To Sleep, Perchance to Restore
By Rebecca Maxon
A good night’s sleep can make a world of difference. According to a March survey by Consumer Reports, 80 percent of U.S. adults report having trouble sleeping at least one night per week. Four out of 10 report that they toss and turn most nights. Thirty percent of that same group report that poor sleep negatively affects their quality of life.
Those who have trouble sleeping at night are 60 percent more likely to be injured on the job than those who sleep well; and, drowsy drivers cause about 10 percent of car wrecks, according to a 2018 report from the American Automobile Foundation for Traffic Safety. Missing sleep also has a negative impact on not only our effectiveness, but also our moods. This is particularly true among children and adolescents.
But what to do? How can we help our children — and ourselves — avoid this nasty downward spiral? FDU Magazine talked to faculty experts and graduate students studying sleep to find out.
The Importance of Bedtime
There are numerous situations in which people steer away from getting enough sleep: becoming caught up in doing things before going to bed, an unfinished paper or project due the next day, watching a late-night movie or comedy show, not paying attention to caffeine intake in the afternoons and evenings or just feeling generally anxious. These are all things that can sidetrack a good night’s sleep.
It’s tempting to think as children grow that bedtimes can be adjusted or be removed altogether. Adults — particularly young adults — may feel they don’t need a bedtime at all. But Eleanor McGlinchey, assistant professor of clinical child psychology at FDU’s Metropolitan Campus and an expert on sleep and its effects on mood and behavior in adolescents and adults, says, “Bedtimes are actually important for everyone at every age.” Adolescents need about nine hours of sleep a night, and even young adults continue to need at least eight, but ideally nine.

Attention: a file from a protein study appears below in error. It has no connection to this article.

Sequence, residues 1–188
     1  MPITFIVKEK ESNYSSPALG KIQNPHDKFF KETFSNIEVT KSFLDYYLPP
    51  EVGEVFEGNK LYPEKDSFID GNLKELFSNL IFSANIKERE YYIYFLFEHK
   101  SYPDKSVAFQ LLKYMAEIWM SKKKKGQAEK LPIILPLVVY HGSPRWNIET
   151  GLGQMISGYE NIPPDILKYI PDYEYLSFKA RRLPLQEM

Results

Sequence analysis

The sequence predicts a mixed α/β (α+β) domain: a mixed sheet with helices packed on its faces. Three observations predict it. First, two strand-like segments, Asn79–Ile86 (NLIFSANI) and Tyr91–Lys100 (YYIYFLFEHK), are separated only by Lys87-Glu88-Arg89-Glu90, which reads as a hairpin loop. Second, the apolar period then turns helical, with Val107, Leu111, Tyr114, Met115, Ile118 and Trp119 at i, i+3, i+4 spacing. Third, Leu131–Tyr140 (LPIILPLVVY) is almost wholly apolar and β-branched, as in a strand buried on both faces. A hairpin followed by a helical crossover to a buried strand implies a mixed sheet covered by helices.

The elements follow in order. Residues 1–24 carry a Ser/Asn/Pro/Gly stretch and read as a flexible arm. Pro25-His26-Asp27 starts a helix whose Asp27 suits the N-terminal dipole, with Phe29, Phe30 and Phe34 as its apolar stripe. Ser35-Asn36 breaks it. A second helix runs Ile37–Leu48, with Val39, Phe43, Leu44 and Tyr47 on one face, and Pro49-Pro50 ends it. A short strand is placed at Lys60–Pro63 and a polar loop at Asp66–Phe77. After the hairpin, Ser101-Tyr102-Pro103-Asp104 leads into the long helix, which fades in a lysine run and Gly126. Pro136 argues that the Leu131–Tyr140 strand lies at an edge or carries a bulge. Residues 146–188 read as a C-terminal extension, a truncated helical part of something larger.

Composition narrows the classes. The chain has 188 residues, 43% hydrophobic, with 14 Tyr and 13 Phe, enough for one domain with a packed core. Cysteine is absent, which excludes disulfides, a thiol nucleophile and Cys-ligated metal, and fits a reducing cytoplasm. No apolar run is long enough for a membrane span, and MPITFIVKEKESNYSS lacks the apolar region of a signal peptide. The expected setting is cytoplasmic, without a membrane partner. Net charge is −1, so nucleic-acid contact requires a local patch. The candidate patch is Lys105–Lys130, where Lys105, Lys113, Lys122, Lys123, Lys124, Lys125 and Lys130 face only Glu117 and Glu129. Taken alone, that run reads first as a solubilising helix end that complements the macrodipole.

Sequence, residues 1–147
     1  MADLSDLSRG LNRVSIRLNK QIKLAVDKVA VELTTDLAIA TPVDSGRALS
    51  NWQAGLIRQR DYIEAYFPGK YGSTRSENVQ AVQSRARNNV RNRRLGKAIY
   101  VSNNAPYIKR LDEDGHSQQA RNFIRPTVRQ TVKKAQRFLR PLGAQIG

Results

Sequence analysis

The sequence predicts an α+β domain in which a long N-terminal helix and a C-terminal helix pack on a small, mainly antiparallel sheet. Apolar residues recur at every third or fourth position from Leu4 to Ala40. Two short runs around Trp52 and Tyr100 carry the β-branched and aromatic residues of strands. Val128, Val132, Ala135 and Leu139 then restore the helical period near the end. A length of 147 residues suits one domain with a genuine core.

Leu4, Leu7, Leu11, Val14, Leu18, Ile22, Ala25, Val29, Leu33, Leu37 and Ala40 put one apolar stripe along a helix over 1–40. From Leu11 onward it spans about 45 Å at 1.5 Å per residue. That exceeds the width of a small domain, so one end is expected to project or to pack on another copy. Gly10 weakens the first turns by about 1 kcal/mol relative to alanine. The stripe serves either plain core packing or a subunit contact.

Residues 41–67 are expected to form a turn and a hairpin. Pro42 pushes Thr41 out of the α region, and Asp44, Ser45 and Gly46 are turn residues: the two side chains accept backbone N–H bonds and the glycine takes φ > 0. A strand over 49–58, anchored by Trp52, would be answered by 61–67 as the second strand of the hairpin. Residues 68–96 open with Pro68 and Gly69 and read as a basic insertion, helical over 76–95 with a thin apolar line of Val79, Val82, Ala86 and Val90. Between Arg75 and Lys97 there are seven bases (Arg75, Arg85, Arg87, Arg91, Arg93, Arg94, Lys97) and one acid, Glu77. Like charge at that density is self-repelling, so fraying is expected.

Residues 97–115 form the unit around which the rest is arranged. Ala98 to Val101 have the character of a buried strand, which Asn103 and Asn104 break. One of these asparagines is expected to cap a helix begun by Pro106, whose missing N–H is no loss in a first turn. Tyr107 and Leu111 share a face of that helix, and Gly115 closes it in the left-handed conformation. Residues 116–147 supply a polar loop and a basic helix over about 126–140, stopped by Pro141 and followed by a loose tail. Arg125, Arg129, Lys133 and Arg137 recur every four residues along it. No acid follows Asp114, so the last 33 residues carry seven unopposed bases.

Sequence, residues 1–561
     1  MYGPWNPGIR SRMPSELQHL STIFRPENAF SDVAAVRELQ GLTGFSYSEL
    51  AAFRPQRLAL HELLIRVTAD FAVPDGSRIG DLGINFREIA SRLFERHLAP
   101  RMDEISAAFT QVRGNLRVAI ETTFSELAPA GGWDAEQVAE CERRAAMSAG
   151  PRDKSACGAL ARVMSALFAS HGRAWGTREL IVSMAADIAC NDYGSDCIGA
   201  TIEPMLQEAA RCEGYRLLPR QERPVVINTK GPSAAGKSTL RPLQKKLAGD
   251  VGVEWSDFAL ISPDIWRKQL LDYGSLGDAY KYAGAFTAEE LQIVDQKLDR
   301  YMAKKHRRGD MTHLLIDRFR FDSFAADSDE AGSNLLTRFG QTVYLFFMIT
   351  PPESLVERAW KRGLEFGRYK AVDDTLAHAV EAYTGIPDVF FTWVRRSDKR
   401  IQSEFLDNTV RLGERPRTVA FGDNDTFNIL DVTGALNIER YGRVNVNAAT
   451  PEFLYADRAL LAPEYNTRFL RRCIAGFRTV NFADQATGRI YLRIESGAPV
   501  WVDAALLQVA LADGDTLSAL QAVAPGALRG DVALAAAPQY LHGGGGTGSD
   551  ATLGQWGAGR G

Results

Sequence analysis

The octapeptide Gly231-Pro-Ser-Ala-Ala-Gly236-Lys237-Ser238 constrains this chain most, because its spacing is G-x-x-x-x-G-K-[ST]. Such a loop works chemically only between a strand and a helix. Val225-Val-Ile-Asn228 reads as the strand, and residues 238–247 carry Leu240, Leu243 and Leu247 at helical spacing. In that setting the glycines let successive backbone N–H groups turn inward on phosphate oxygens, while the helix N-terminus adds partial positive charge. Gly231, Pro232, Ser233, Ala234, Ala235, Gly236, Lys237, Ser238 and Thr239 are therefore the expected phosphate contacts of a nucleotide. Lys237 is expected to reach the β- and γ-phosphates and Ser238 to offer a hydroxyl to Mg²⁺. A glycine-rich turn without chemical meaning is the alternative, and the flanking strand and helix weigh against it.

“Having a regular wake-up time is also important,” says McGlinchey. Going to bed and waking around the same time everyday helps to establish healthy, functioning circadian rhythms. “A healthy circadian rhythm and proper number of hours slept helps students to learn new information; forget unimportant information and consolidate learning over time.”
Many adolescents experience changes in their sleep habits with the onset of puberty, leading to falling asleep later and waking up later. Couple this change in circadian rhythms with early high-school start times, and adolescents may feel the impact of being sleep deprived.
“Waking up much later on weekends than on weekdays (known as social jetlag) also makes it more difficult to achieve satisfying sleep,” adds Julia Marver, a third-year clinical psychology student working, with McGlinchey’s mentorship, on her dissertation about how diet, exercise and electronic device use all affect sleep habits.